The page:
Spikenard - a multi-purpose native plant
Until I worked one summer at the Nichols Arboretum, I had never heard of Spikenard (Aralia racemosa). It was a mystery plant, a plant on the specified list of plantings for the Reader Center’s entry garden. I didn’t know whether it was native or alien, big or small, or what kind of flowers it had. I searched the catalogs and inventory of local nurseries but couldn’t find it. I did see it on the internet, but still had no clue where I would find it.
And then, one day, I was talking with Greg Vaclavek of Native Plant Nursery at his booth at the Ann Arbor Farmers Market and noticed on his plant list that he had it listed as a plant native to Michigan. In a way only a true plant nerd could understand, I was elated. I had found the elusive white whale of a native. And, as I learned more about it, and planted one in my own yard, I came to realize what a great and useful plant for the landscape it is. So, without further ado, let me introduce you to my friend Spike Nard.
When people see my specimen plant in my front yard, they usually ask about it. It’s an attention-getting plant that reaches a height of about three and a half to four feet, but it’s not a shrub. It’s herbaceous and perennial, so it dies completely back in the late fall, only to sprout from its roots in late May. It has compound, alternately-arranged toothed leaves that are somewhat oval in shape. In July, it blooms with clusters of tiny yellow flowers on the end of branches that attract tiny little bees. Later, those clusters of flowers morph into clusters of little round yellow berries that slowly turn to a burgundy red. I have never actually seen anything feeding on the berries, but they always disappear, so I assume some little bird(s) have had a good meal or two, thanks to Spike.
Spikenard is native to almost all of eastern North America. I have seen it in the wild down here, and in northern Michigan. Its range extends north to Manitoba, Ontario and Quebec, south to Georgia and Texas, and southwest to Arizona. It prefers situations with shady, rich soils. In my yard, it does great in a spot with partial shade, and dry (i.e. unwatered) soils that probably wouldn’t be considered rich.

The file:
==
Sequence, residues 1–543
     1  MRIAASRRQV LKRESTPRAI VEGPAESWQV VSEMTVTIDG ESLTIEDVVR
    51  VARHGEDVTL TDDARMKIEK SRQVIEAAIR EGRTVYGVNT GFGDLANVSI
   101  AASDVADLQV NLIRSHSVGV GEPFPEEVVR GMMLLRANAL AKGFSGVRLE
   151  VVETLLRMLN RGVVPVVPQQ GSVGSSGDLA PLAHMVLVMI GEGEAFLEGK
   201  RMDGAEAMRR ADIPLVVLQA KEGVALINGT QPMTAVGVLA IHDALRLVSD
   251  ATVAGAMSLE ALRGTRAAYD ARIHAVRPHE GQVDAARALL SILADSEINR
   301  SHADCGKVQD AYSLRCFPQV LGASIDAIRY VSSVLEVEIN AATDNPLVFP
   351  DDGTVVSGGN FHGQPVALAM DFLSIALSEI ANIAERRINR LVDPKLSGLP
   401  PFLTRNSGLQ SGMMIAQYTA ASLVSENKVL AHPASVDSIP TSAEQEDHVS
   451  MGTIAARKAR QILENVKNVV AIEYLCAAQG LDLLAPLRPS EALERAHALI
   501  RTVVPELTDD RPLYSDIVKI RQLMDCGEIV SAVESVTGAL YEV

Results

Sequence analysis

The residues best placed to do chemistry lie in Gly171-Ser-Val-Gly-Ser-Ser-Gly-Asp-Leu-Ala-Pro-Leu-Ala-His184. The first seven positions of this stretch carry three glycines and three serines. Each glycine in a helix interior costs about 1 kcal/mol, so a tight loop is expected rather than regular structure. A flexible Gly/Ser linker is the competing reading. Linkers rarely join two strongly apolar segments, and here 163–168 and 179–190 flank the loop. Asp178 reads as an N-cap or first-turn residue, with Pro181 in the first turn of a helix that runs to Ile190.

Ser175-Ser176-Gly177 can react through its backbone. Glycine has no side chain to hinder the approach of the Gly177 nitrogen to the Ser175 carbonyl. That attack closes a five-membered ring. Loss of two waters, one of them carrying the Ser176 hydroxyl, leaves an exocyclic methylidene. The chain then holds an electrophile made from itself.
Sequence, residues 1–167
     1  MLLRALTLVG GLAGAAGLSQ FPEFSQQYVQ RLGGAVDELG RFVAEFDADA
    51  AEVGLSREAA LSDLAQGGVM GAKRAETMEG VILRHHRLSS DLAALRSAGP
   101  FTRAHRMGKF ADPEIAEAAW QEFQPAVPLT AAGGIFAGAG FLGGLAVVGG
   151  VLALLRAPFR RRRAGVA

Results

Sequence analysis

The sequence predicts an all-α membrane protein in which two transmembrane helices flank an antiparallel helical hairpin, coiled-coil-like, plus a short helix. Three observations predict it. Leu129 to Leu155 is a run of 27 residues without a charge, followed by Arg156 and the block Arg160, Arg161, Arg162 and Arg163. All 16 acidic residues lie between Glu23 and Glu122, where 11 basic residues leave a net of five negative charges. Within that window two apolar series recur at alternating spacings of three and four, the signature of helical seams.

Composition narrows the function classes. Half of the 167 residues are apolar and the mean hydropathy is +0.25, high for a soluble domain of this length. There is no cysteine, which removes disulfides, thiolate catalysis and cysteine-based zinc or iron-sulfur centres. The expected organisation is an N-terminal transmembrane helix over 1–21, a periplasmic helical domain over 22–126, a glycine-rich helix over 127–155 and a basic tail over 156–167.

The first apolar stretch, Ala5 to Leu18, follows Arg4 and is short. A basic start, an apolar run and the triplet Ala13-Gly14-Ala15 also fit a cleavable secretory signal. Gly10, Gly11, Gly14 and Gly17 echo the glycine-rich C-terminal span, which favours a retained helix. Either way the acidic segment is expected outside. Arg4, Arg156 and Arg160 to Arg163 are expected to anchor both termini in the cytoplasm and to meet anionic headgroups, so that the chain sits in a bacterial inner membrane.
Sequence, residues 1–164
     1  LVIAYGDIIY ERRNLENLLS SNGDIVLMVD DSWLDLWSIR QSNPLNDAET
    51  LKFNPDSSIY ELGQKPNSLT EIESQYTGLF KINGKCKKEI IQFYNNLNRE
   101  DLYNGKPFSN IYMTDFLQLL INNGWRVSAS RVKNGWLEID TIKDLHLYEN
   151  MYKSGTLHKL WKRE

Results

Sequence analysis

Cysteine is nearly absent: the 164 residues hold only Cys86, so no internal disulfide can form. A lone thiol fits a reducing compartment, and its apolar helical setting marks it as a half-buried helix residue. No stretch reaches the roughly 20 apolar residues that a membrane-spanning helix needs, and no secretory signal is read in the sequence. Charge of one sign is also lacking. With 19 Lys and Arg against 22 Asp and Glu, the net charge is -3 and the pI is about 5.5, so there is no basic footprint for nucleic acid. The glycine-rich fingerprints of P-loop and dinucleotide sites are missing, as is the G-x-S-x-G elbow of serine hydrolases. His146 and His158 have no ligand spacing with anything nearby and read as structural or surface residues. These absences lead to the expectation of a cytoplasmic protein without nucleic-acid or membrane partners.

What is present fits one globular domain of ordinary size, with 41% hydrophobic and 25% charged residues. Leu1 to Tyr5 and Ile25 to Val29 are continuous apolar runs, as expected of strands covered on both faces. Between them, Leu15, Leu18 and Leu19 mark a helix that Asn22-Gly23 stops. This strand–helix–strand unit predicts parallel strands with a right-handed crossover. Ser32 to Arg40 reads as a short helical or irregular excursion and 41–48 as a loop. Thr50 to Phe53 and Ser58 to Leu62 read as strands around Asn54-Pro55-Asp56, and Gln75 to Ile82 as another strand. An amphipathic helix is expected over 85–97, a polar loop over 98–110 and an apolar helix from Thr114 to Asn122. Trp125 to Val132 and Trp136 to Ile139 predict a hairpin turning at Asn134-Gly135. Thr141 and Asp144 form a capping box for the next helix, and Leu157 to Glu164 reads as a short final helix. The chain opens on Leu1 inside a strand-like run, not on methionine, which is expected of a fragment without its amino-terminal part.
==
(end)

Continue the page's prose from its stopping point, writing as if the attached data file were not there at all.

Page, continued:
According to the website of the Robert Freckmann Herbarium of the University of Wisconsin-Stevens Point, it can be found in boreal forest and Northern and Southern Upland and Lowland Forest communities in Wisconsin, which are similar to woodland habitats in Michigan. As a member of the ginseng family, it had many uses by Native Americans.
According to the Freckmann Herbarium website, its root was used by Menominee and Potawatomi for a root beer, and as a medicine for earaches, sore throats, muscle pain and sores/bleeding.
According to the University of Michigan - Dearborn website (http://herb.umd.umich.edu - which lists 83 different entries for its use by Native Americans), some of the uses were as burn dressing and a treatment for weak backs by the Cherokee, a cough remedy by the Chippewa and a cure for tapeworm by the Iroquois. The Micmac used the root to treat spitting blood, headaches and female pains. It was a popular plant, as you can tell.
For landscaping purposes, you can use it as a specimen plant, or as a tall backdrop for other plants. It can reach a height of three to four feet, and the flowers and berries all provide color in the yard in the summer and fall. Its habit is fairly open, so it is a good neighbor to other plants. Right now, in my yard, my spikenard is full of burgundy berries, so much so that the plant is bending over with the weight of them. It’s a fun, showy plant that can make a nice addition to almost any yard with shady conditions.
This week, blooming in my yard are Brown-eyed Susan, Green-headed coneflower, White snakeroot, Heart-leaved aster, Bluestem goldenrod, Canada goldenrod, and New England aster. One last blast, of goldenrods and asters, remains before it shuts down for the winter.
Enjoy nature, everyone!
Rick is a local landscape architect with a special interest in all things natural, including native plants and the critters that eat them. You can contact him at firstname.lastname@example.org.